“When comparing the amount of materials recycled to the overall impact on the environment, it is clear clothing and textiles needs to become a top‐of‐mind recyclable just like aluminum, plastic, glass, and paper. As the international trade association of for‐profit clothing recyclers, we have long known of the many positive aspects of clothing recycling. It’s very exciting to see the positive impact our member companies are having confirmed by the EPA,” says Jackie King, Executive Director of the Secondary Materials and Recycled Textiles Association (SMART).

So lesson learned here, is only buy what you love and be selective about your choices so it doesn’t end up floating around the ocean and suffocating some rare animal that can eventually cure cancer or something…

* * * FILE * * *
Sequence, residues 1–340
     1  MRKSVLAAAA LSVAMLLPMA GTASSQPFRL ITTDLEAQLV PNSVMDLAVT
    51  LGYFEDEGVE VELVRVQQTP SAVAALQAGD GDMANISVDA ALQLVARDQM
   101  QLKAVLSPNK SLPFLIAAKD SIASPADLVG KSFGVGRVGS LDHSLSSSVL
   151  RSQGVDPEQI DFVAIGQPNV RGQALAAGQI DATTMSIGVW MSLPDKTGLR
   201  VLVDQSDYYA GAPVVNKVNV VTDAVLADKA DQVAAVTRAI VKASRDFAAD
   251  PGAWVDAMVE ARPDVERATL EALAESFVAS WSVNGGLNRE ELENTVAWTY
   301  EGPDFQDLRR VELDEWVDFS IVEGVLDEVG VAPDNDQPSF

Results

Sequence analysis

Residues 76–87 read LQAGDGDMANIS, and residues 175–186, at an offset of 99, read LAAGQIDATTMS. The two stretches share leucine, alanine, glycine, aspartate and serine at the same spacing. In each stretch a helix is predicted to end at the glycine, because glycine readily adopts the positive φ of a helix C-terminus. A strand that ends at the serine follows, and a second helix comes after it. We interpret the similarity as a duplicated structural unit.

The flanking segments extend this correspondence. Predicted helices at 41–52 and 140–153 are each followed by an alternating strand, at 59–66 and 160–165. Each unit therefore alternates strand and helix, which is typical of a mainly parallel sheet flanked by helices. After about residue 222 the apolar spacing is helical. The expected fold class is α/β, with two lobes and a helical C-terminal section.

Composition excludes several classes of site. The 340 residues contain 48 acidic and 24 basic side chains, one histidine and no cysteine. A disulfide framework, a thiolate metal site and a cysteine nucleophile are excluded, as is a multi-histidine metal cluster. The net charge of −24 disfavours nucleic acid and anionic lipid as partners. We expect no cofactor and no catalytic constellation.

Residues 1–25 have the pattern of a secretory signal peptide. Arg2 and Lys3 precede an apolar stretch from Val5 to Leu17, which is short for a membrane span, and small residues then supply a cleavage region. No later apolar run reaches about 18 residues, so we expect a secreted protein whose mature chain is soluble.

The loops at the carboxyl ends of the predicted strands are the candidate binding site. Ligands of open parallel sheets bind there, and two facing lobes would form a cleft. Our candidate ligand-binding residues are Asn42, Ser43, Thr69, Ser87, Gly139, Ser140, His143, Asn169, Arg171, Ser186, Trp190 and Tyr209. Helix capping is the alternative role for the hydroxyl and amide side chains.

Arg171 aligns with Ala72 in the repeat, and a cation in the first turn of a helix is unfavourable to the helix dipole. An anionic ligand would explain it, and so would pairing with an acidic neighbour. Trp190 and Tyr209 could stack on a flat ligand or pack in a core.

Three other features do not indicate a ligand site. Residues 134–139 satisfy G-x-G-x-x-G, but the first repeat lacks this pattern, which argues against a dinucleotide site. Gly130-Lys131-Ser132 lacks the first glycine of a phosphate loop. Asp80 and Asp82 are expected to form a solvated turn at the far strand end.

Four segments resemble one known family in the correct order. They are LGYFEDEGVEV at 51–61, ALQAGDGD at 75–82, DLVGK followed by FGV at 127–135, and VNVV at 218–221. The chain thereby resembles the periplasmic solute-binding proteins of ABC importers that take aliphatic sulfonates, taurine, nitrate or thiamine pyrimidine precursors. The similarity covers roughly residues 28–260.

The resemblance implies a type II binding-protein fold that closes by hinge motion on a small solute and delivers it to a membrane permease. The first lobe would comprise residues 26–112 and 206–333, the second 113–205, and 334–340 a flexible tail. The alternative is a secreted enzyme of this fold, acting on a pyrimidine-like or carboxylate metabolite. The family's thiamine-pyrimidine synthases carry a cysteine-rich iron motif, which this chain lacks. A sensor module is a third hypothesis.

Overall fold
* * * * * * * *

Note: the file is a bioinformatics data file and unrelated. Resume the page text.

Read more here: http://www.npr.org/blogs/parallels/2013/05/21/185596830/the-global-afterlife-of-your-donated-clothes

Trick or Treat, Styles You Can’t Beat

It’s that magical time of year when you can dress up as your favorite Bravo Housewife, your musical muse or a naughty (insert any occupation or animal here—>_______). My favorite costume would be the polka dot artist Yayoi Kusama, what an imagination, what talent, what awesome bangs!

I teamed up with Refinery 29 for an article of costumes you can wear now and later. Beyonce, Daisy from Gatsby and Kusama were my subjects of choice but between you and I, Kusama was my favorite. Check out the rest of the article here http://www.refinery29.com/halloween-outfits#page-1

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H&M Home Makeover